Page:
Remember back as a teenager when you didn’t understand why your dad made that odd grunting noise every time he got up or sat down… and just assumed he was defective in some way.
Well, over the weekend I hauled about 30% of our current house into the new house we’ll be moving into this week.
And right now as I’m typing this at approximately 7.8 WPM, sore as hell, breathing weird and making all of those same odd noises… I finally have some empathy for the guy.
Which begs the question: Why?
Well first off, asking for help moving is one of those things that everyone feels obligated to say “yes” to, but secretly loathes and has to find an acceptable way to make themselves scarce…
So I didn’t bother. Hence the soreness.
(Plus, the last time we hired a moving company they dinged up all of our furniture, and I think my wife is still peeved 3 years later.)
But this email right here happened because it’s the one thing I can do to keep the engine turning over, regardless of what else is going on.
It’s an asset that, if you can continue to invest in it consistently, will pay dividends almost in perpetuity.
Something I wrote on the very first day of this email series:
That its true value is in the way it “glues” everything you communicate to your prospects and clients together in a convenient, robust, platform-proof way.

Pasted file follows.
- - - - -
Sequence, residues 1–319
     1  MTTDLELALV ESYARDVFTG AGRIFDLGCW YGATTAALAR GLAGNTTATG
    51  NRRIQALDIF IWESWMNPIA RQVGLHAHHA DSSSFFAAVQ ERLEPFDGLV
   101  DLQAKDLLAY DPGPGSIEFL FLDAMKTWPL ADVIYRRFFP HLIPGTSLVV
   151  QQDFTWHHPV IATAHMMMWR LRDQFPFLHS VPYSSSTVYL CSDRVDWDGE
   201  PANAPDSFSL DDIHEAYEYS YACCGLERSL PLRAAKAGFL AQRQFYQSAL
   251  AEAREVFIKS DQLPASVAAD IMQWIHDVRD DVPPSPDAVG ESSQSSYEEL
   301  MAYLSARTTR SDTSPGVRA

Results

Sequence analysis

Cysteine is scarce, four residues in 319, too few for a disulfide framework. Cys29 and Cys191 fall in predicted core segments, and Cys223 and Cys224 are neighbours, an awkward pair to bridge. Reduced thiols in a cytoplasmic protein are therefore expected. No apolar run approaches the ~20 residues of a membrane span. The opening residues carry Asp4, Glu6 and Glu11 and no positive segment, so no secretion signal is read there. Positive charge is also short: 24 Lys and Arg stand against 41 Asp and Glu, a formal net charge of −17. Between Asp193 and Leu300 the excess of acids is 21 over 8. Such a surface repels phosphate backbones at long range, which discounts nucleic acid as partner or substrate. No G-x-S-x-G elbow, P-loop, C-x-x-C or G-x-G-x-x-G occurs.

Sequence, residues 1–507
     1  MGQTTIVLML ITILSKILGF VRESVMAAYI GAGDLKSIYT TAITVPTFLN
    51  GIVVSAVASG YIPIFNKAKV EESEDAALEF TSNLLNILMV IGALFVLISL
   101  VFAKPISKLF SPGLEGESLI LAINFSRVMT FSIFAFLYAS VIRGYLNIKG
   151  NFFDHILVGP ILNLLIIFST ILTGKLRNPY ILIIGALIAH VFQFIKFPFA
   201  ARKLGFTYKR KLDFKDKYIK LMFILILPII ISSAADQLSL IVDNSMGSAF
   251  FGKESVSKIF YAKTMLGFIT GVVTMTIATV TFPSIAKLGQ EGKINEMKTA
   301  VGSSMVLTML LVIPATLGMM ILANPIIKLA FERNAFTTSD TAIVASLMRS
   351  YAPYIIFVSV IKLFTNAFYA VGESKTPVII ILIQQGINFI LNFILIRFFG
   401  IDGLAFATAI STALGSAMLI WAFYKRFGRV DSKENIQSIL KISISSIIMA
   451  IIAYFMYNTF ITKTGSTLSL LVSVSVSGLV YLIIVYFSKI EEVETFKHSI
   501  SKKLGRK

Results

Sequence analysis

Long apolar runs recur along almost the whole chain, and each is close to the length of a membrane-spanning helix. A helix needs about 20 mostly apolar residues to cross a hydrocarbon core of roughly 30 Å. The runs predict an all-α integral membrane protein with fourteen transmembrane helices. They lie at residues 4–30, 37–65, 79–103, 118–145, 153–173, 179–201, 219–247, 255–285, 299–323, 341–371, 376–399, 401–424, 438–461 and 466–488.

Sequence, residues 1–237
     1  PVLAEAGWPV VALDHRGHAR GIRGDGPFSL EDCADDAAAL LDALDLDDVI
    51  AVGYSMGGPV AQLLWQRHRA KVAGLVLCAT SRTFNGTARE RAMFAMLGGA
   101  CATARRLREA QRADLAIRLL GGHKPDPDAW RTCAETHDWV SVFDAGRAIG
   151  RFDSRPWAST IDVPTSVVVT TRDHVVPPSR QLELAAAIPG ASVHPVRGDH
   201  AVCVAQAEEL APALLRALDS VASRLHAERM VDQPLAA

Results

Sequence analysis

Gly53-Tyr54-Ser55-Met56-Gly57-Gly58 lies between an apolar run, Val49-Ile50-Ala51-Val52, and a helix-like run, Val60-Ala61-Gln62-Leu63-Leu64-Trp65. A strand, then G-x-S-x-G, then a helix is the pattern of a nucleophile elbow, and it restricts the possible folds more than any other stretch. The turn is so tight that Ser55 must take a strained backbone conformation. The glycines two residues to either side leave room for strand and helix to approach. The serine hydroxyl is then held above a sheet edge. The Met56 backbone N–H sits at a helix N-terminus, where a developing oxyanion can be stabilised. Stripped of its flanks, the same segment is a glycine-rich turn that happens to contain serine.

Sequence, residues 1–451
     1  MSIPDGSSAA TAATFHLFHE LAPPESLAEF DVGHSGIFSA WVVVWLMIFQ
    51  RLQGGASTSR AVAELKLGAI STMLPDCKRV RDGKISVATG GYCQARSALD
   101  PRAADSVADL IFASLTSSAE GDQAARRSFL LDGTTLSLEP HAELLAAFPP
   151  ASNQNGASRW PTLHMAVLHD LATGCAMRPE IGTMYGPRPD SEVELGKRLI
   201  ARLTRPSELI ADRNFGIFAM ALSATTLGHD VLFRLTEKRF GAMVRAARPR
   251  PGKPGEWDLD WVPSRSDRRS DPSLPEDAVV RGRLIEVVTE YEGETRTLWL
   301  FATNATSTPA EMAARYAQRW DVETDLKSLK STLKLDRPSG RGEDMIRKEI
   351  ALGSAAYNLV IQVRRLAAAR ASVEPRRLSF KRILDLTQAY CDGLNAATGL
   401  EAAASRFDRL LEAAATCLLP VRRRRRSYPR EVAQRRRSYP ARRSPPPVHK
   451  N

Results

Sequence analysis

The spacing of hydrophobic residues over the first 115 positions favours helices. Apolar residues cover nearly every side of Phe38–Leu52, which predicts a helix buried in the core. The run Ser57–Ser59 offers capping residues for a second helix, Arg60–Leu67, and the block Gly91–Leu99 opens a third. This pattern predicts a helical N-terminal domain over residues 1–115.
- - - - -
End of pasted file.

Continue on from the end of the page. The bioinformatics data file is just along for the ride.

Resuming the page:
This week we’ll apply some of that glue and continue to connect the dots between our prospect’s entrance into our lead generation funnel and the end goal (filling out our pre-qualification form and scheduling a call).
And email (hooked up to a couple pages on your website) is the tool for the job.
One way to achieve this that is particularly effective is through:
- A valuable opt-in offer
- A welcome/onboarding sequence
- A sales sequence mapped to a service sales page
This particular “formula” has any number of different variations we could apply, so I’m going to keep it fairly simple and linear for now.
But it’ll illustrate the core idea:
And sometimes seeing how something is implemented is the only way to really internalize a concept.
I like learning this way and I hope you do too.
But I did happen to notice that we’re still answering the same question from two weeks ago, and could probably spend another month answering it if we really wanted to.
So I’m going to zoom out from details a bit and aim to wrap this thing up with a bow on it this week because…
- I’m tired and still have 70% of all of our crap to move into the new house.
- I don’t want you to lose the forest for the trees.
Stop me at any point if something is unclear, too abstract, or merits a deeper dive…
And I’ll redirect the ship based on your feedback.